Fraud: In a real-time world can AI detect and prevent it in real-time?
While digitization in financial services is bringing many benefits, it is also making financial institutions more vulnerable. According to recent reports by McAfee, cybercrime and financial fraud is currently costing the global economy an estimated $600 billion per annum. In fact, the true cost could actually much higher as firms cannot accurately identify and measure losses due to fraud. The 2018 AFP Payments Fraud Survey, underwritten by J.P. Morgan, revealed that a record 78 percent of all organizations were hit by payments fraud last year. New initiatives such as faster payments increase the speed and impact of fraud. In fact, when the faster payments network was implemented in the United Kingdom, financial services institutions saw a 300% increase in fraud.
The fraud problem is global – for example India’s Banking Security and Fraud Cell reported that the total amount involved in bank fraud cases in the month of March 2018 was nearly double the amount reported for the entire year of 2017. The problem is clearly growing, however not all frauds are the result of external cyberattacks.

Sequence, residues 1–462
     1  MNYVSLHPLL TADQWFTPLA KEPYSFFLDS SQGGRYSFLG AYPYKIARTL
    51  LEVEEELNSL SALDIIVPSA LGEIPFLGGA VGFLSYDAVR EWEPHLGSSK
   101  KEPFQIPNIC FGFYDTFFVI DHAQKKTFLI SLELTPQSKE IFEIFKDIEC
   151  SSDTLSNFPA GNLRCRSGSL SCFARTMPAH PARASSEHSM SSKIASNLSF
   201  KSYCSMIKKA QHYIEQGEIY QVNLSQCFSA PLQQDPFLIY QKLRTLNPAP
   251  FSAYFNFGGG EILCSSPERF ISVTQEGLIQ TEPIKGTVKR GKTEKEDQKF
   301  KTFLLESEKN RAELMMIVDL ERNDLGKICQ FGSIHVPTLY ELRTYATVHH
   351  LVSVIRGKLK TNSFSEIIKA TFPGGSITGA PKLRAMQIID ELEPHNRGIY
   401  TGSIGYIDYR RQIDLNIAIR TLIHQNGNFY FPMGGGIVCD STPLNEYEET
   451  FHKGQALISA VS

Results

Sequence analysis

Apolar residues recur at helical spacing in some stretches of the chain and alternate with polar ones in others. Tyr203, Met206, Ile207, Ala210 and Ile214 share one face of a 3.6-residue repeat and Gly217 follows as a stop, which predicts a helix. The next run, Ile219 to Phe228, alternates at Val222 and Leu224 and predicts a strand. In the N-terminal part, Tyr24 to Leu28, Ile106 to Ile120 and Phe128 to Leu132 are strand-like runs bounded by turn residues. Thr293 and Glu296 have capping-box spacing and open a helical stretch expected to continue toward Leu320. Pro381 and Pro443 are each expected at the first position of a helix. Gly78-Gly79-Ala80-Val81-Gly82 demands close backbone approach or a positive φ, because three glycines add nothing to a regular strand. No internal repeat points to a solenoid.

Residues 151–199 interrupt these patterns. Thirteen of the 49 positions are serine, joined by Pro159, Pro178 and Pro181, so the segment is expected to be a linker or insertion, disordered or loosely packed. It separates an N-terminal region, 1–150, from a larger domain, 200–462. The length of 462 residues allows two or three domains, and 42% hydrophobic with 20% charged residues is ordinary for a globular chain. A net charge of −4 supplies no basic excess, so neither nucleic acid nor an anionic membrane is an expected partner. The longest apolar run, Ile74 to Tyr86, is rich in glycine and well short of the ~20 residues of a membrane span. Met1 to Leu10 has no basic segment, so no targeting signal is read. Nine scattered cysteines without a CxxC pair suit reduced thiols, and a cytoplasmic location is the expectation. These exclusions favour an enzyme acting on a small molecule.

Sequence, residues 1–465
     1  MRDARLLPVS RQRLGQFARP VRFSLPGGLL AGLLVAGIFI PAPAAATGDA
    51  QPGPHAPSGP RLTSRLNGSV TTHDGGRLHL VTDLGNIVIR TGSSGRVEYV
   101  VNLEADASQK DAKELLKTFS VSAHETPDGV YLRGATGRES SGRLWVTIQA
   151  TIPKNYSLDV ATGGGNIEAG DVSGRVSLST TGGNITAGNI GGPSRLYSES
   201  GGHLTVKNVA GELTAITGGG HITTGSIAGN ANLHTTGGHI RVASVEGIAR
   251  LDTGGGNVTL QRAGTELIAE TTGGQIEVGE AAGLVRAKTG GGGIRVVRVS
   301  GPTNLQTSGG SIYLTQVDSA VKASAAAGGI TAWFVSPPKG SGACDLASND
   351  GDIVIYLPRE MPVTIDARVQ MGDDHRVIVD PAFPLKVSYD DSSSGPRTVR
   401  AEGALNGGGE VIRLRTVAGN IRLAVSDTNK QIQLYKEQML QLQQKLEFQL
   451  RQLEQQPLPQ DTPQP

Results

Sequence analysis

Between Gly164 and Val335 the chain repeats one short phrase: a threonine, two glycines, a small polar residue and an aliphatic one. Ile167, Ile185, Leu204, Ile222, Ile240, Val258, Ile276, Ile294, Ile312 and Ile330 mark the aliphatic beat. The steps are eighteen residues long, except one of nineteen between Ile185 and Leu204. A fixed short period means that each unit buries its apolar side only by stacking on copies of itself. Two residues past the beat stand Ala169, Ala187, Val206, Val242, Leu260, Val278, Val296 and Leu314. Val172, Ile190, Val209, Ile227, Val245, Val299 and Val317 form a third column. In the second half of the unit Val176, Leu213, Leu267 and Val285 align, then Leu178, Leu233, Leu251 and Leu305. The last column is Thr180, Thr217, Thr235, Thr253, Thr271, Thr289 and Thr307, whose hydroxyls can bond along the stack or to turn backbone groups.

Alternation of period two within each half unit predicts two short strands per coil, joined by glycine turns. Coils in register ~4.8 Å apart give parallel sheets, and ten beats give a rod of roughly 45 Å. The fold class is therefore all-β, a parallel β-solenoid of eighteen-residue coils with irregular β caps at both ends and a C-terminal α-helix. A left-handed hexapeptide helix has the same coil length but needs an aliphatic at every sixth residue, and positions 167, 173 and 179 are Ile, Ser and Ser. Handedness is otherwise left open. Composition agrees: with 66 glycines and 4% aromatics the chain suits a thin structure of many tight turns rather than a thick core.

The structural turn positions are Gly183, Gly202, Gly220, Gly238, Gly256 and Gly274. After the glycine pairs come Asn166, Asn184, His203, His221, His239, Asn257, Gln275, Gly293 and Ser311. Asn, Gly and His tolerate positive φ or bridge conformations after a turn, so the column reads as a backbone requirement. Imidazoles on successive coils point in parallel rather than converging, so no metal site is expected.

Insiders are involved in many cases. In the infamous Nirav Modi case, red flags – even those issued internally – were missed or deliberately ignored. The import and export transactions of the Brady House branch in the 12 months to March 2017 stood at $3.3 billion, 50 percent higher than recorded two years prior, largely because of the branch’s dealings with Nirav Modi and associates. An internal review report stated that the exceptional growth should have been noticed, but it wasn’t. The loss suffered was in the range of USD 1.8 billion which could have been about $800 million lower, had the fraud been discovered a year earlier.
The increase in the number and scale of these frauds – along with the delay in detecting them – is concerning banks and corporates alike. In a recent BAML survey, 65% of the banking respondents stated that they have higher payment security concerns compared to the previous year and 47% of corporate respondents mentioned that their most important AR/AP payments initiative are centered around fraud control.
Artificial Intelligence and Advanced Analytics Can Help